PSVR2 is reportedly seeing disappointing sales

psvr 2 sales projections sony ps5 PSVR2

Not attaching to enough faces

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Bloomberg has revealed that Sony’s new PlayStation VR2 Headset is projected to sell fewer than 300,000 units by the end of March. How much less? Well, PSVR2 is on track to hit 270,000. This is according to estimates from the International Data Corporation, a research firm that tracks these sorts of things.

Considering that Sony was looking to make 2 million units in its first three months (though it reportedly slashed this to 1 million and then refuted those reports), this is a pretty disappointing start. IDC analyst Francisco Geronimo has said that a price cut will be needed to avert disaster since many countries are facing a cost-of-living crisis, and many large corporations have announced massive layoffs in recent months.

My job involves covering video games, and I can’t justify the cost of VR. If I could, I’d want one to use on my PC, and the PSVR2 is locked entirely to the PS5. If I dug up buried treasure and was able to afford more than one VR headset, I’d still be hesitant to buy a PSVR2 since I don’t have the space to have a bunch of VR headsets lying around. So, in summary, if Sony wants me to have a PSVR2, it should not only just give me one but also buy me a house so I have the space for it.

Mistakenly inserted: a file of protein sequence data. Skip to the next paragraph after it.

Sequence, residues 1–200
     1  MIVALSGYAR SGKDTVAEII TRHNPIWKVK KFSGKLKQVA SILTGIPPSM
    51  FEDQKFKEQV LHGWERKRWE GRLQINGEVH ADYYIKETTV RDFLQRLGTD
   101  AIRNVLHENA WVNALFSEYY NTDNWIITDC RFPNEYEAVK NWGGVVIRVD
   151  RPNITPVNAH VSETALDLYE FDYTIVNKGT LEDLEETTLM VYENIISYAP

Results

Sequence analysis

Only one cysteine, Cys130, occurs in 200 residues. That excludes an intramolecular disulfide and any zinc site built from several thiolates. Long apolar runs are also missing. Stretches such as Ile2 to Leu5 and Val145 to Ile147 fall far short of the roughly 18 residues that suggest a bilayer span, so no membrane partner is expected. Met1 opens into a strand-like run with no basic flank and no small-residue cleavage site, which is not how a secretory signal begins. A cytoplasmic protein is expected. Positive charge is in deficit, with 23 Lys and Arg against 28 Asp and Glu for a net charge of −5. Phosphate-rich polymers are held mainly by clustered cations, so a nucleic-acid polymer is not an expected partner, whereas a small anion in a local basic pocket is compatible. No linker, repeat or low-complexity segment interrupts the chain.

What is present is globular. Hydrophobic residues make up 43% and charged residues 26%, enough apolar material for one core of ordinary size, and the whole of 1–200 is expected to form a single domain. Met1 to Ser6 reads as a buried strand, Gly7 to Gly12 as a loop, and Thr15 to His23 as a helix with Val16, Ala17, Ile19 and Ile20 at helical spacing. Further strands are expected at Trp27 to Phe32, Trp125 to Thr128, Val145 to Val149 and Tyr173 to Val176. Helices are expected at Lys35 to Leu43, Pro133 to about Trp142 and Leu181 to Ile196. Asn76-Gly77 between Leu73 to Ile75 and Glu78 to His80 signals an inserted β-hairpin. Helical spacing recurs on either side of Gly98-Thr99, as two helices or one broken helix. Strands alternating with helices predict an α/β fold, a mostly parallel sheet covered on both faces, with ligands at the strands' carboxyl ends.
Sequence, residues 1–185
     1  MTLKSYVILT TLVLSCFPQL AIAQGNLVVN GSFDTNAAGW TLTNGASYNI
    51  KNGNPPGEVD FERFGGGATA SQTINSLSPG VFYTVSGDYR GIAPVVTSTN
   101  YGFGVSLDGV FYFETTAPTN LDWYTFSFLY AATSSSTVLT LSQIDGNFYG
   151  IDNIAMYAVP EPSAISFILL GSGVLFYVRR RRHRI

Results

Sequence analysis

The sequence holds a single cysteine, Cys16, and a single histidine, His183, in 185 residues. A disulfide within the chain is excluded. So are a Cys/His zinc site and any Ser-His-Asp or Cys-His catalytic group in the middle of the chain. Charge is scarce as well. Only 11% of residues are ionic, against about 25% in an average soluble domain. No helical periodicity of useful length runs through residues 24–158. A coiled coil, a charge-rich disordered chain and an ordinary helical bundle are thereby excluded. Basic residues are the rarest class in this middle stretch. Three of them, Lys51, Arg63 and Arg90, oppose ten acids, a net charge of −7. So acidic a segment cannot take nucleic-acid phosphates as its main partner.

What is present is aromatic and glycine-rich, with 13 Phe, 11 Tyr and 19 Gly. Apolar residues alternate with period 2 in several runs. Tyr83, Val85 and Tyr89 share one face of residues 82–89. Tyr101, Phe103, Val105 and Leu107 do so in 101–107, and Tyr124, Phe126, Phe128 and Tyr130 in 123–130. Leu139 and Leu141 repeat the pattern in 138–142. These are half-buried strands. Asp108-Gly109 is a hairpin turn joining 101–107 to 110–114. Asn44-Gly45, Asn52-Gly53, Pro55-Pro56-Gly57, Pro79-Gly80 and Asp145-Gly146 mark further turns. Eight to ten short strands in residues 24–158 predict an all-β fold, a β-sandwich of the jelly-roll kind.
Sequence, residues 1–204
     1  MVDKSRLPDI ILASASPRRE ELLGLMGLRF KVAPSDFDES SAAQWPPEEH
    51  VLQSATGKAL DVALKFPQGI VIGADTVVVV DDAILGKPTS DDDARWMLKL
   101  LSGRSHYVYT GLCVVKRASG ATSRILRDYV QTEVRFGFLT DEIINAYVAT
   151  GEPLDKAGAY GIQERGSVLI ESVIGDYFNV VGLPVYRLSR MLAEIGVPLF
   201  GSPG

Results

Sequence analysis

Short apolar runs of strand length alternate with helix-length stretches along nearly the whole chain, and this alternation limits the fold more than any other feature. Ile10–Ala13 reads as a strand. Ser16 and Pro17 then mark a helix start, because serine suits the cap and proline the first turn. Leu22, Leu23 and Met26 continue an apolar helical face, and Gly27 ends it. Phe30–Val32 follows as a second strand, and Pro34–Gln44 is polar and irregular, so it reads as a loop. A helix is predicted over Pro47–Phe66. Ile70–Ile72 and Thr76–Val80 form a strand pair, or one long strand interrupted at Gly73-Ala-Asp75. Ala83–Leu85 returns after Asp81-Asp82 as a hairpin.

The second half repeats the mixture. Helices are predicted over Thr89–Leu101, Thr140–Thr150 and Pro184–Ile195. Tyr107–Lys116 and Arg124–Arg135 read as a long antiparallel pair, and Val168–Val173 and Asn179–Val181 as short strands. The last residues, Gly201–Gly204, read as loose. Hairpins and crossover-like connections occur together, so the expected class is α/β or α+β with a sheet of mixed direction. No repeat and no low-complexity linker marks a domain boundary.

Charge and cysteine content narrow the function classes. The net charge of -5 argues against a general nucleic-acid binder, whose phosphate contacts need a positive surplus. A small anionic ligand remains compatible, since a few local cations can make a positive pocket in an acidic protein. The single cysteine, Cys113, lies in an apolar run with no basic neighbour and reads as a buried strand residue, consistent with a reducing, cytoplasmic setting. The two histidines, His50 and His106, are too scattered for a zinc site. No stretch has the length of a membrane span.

For people who already have money and a house, PSVR2 has been marred by a shortage of available games and a complete lack of backward compatibility for PSVR1 games. Due to cost issues, VR is already a niche market, and Sony seems to be content with making it niche-er. I’m not a CEO, but when you take an already small market and try to take a slice of a smaller slice, then I don’t see how 2 million can happen. It doesn’t matter how fancy your tech is.

I guess what I’m trying to say is: Virtual reality? In this economy?

PSVR2 released on February 22, 2023 for a suggested price of $550.

About The Author
Zoey Handley
Staff Writer - Zoey is a gaming gadabout. She got her start blogging with the community in 2018 and hit the front page soon after. Normally found exploring indie experiments and retro libraries, she does her best to remain chronically uncool.
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